I am a survivor, and if you are Jewish then you are a survivor, too. It took me a while to grasp this. I've never thought of myself as a survivor. My Bubbie and Zeidi (grandmother and grandfather)-- now they were survivors: survivors of the Holocaust, survivors of hunger and terror, survivors of life, but me and you, you might ask, what have we survived?

My Bubbie and Zeidi were small people. My Bubbie didn't even come close to reaching five feet and I don't think that my Zeidi was much taller. But they were giants of greatness and strength. I knew very little about their past. I was told bits and pieces of their stories. I knew that my little Bubbie had escaped from death's door and had been a Partisan fighter in the forest. I had heard a story of how all 4' 10" of her had carried her brother on her shoulders, because his feet had frostbite and he couldn't walk. I knew my Zeidi hailed from a very large family, and only he survived. He was shot, starved and tortured— and yet he managed to escape and hide in the forest. The rest was a mystery. Most of what happened will always be a mystery.

The other day I received a treasureThe other day I received a treasure. It was an interview that my Zeidi gave in the early fifties. In it, he and another survivor recounted what happened to the people in their village and the final days before my Zeidi was able to escape into the forest. I found out that Zeidi was one of four leaders in a resistance against the Nazi murders. My little Zeidi fought with his bare hands against the enemy's guns, and he lived to tell about it. When I read the interview I shook with emotion. I talked with my mother who cried to me, "I never knew. He never told me about this. I never knew that he was a hero."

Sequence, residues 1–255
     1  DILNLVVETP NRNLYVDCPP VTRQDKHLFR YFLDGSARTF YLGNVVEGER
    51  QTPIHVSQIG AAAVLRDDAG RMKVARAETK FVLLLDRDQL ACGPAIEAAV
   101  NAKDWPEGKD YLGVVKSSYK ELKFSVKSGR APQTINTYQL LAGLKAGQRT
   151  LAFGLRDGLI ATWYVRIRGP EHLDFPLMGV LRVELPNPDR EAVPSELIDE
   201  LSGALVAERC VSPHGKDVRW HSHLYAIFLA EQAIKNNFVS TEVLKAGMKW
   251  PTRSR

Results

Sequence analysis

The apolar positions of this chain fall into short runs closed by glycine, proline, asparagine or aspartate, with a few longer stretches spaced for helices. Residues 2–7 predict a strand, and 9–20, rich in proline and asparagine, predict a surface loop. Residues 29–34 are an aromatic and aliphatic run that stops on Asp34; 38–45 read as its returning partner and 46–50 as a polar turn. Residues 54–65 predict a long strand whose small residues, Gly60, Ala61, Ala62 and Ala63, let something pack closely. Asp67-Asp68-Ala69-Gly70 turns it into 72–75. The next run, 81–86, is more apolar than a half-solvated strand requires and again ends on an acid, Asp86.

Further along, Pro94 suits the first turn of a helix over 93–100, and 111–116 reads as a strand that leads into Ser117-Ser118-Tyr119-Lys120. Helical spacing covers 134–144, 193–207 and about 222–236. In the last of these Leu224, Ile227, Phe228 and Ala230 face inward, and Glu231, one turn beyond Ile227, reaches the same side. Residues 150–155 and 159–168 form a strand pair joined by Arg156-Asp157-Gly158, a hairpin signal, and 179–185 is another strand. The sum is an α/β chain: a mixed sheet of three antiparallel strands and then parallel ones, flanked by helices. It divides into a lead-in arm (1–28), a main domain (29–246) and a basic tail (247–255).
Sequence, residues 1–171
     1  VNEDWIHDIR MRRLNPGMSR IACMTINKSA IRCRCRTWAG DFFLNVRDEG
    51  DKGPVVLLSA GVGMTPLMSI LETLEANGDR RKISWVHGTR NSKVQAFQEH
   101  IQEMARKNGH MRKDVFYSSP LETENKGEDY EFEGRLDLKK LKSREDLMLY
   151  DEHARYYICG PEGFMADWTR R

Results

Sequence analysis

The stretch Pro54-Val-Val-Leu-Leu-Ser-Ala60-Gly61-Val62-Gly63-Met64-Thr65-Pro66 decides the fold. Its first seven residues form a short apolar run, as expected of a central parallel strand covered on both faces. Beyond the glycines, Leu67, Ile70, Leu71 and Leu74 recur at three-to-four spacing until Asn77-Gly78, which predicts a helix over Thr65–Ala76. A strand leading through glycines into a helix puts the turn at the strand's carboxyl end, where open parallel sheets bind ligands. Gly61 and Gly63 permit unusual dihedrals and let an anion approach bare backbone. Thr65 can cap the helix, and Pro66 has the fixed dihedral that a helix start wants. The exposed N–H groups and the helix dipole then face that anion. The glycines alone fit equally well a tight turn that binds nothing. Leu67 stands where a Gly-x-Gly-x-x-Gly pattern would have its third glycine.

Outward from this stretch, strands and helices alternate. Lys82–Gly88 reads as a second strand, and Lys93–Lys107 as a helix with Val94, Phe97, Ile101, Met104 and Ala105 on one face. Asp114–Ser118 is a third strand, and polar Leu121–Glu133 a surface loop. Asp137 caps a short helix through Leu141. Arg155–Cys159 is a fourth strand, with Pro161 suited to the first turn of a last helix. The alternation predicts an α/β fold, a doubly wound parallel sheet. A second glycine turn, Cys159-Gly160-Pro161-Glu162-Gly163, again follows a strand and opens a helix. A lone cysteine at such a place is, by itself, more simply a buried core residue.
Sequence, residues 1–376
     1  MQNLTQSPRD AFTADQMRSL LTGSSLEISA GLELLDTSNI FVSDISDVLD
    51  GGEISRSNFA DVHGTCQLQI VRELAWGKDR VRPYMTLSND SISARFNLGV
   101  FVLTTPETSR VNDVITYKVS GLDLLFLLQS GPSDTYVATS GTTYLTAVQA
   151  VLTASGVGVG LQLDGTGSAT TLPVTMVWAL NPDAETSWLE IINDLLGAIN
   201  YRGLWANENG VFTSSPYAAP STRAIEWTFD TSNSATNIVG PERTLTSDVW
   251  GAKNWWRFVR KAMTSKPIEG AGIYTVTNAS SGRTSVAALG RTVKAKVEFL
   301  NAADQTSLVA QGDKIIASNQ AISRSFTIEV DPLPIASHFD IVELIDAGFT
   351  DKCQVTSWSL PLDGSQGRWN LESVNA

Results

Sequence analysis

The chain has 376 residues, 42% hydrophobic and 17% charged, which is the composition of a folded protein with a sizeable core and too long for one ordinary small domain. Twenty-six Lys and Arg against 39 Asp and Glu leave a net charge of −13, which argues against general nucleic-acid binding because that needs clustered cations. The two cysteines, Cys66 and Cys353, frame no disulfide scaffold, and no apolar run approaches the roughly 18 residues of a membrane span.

Now, there's more to the story. Not the story of their escape or the story of how they saved lives— the story of what they did afterwards. My mother's childhood home was never empty. Zeidi would pick strangers up off the street and take them home with him. Whatever he had he gave. Bubbie would cook and serve food to the strangers that Zeidi brought home: the despondent, the destitute, the poor and the hungry. She would take a cup of flour and turn it into a delicious cake, take a chicken and feed twenty. After being robbed of everything— their family, their homes, their possessions and their health— the only things they wouldn't let anyone steal from them were their desire to live and their desire to give. Zeide had big blue eyes that always sparkled with a love of life and with laughter. Bubbie's hands were never idle; they were always nourishing and healing.

When I read the details of my Zeidi's resistance and a small accounting of his life under torture, I shook with emotion because I realized the greatness of my existence and the miracle of my being alive today. Exiles, the Crusades, the Inquisition, pogroms, the Holocaust, suicide bombers; for thousands of years people have been trying to wipe out the Jewish people- and they can't. G‑d won't let them. The blood of survival runs through my veins and the veins of every Jew on the planet. I'm alive, I'm Jewish and I'm a survivor.

I realized the miracle of my being alive todayAfter reading the article I ran to my three year old son and told him, "Avraham Nissim, you're a Jew and you must always be proud to be a Jew. You are a survivor and G‑d loves you. "

All of our holidays, our commandments and our customs are to remind us of this. We are Jews, we are survivors and G‑d loves us. I look at my son who now, at the age of three, has lovely peiot (side locks), wears tzitzit and, like the prince of the King, wears a kippah on his head. Without a doubt he and my daughter are my Bubbie and Zeidi's greatest revenge against Hitler. I know that their lofty souls are looking down upon me, their granddaughter, as I live my life in their example, proud to be a Jew.